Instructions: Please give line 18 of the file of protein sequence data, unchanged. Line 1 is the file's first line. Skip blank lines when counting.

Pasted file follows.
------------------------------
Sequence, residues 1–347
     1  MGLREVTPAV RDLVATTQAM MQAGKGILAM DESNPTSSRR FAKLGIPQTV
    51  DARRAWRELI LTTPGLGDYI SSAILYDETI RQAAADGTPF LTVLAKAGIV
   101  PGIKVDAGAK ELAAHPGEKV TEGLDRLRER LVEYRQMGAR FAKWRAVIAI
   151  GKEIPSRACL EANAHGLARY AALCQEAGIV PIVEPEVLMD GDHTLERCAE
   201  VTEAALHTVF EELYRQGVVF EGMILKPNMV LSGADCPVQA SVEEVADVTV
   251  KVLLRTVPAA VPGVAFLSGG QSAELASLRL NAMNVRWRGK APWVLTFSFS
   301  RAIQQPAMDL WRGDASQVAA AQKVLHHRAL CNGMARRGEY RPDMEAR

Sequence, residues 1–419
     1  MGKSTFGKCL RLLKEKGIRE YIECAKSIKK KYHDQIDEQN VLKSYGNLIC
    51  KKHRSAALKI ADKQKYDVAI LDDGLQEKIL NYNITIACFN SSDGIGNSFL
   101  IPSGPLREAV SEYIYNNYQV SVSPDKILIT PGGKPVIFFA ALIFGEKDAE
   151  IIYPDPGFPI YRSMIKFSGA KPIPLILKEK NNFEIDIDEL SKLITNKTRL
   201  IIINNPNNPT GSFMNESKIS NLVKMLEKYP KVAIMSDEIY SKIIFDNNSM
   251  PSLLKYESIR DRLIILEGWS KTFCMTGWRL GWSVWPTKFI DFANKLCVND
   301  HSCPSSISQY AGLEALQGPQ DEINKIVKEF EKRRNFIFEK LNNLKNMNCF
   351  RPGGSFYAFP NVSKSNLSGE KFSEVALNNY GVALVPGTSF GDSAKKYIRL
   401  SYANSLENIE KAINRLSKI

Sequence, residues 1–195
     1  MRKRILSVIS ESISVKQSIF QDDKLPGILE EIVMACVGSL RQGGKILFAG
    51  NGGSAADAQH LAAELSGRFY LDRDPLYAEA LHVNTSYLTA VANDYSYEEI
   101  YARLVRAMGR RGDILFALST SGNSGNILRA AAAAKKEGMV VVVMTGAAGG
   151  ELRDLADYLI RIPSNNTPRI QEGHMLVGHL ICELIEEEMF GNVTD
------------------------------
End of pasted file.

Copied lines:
   401  SYANSLENIE KAINRLSKI